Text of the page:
“Our market leading Ecodan heat pumps have always been amongst the quietest on the market and are designed to provide any home with reliable, trouble-free renewable heating and hot water,” adds Halliwell.
“New Ultra Quiet Ecodan takes this to the next level with low sound and high performance which mean homeowners can now choose the most convenient location for their heat pump, giving complete flexibility on placement and still meeting Permitted Development requirements.”
The 8.5kW Ultra Quiet Ecodan has a sound power level of only 58 dB(A) which is an 8 dB(A) drop over the model it replaces. It also has a sound pressure level of just 45 dB(A) at one metre
How we receive sound
Sound power can be thought of as the cause of a noise or the total sound energy emitted by a source in all directions, whereas sound pressure is the effect or the sound we hear and this is determined by the environment and by the distance from the source of sound.
We think of this as the intensity or loudness of a sound. An ambulance registers 120 dB(A) whereas a vacuum cleaner registers around 73 dB(A) and typical room conversation comes in at around 60 dB(A).
“With a sound pressure level of just 45 dB(A), the new Ecodan is whisper-quiet, with levels just above that of a library, meaning it will pass the Permitted Development requirements easily and can be installed almost anywhere to suit the homeowner,” explains Halliwell.
“This is a result of a decade of manufacturing Ecodan in Scotland and we have used this knowledge and experience to refine Ecodan and design it specifically for UK residential use.”
And the facilities at the Livingston plant are certainly impressive.
Mitsubishi Electric has invested significantly on the site. They not only have a dedicated anechoic chamber to measure sound levels and a room where they can drop temperatures down to -30ºC to measure performance, but as mentioned, they have actually built two identical houses in the car park to put the units to test in a domestic setting.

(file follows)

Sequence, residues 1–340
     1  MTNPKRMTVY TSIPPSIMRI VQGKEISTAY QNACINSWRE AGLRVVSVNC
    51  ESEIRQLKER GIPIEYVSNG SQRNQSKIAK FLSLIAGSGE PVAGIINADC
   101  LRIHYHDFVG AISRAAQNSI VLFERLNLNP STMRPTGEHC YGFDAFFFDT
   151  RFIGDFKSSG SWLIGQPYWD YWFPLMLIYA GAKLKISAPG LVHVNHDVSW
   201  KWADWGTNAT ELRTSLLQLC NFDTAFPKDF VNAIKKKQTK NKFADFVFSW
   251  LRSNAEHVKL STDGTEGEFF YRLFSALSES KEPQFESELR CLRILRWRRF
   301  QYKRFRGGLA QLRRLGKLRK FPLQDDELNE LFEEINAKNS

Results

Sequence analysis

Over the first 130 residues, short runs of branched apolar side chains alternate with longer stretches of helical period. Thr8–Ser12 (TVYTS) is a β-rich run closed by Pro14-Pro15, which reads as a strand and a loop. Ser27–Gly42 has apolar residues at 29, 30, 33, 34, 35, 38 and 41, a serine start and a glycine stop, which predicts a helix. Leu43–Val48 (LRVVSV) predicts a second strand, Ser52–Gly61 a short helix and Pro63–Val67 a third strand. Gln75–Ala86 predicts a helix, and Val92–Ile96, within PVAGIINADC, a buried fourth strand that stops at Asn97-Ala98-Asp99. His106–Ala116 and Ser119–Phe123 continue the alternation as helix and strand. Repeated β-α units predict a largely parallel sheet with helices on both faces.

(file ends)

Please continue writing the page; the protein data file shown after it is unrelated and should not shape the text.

One house uses traditional gas heating whilst the other uses an Ecodan unit and R&D staff monitor the hundreds of detectors in the two buildings to help develop and refine the product range even further.
This has led to innovations in fan and compressor design for the new models which has enabled the units to achieve such low levels of sound whilst increasing performance and efficiency.
Both models in the range (PUHZ-W85VAA and PUHZ-112VAA) are both A++ ErP rated and also available with coastal protection for areas where they can be exposed to saline.
If the government’s predictions of residential heating being dominated by air source heat pumps over the next decade are correct, then Mitsubishi Electric’s dedicated investment in manufacturing in Britain for Britain will have paid off.
Regardless of this, anyone using a renewable heat pump will want complete reliability and low noise levels so I for one definitely think the company is on to a winner!
Further details on the performance of the units including a short animation on the importance of sound levels in achieving Permitted Development can be found at the dedicated website.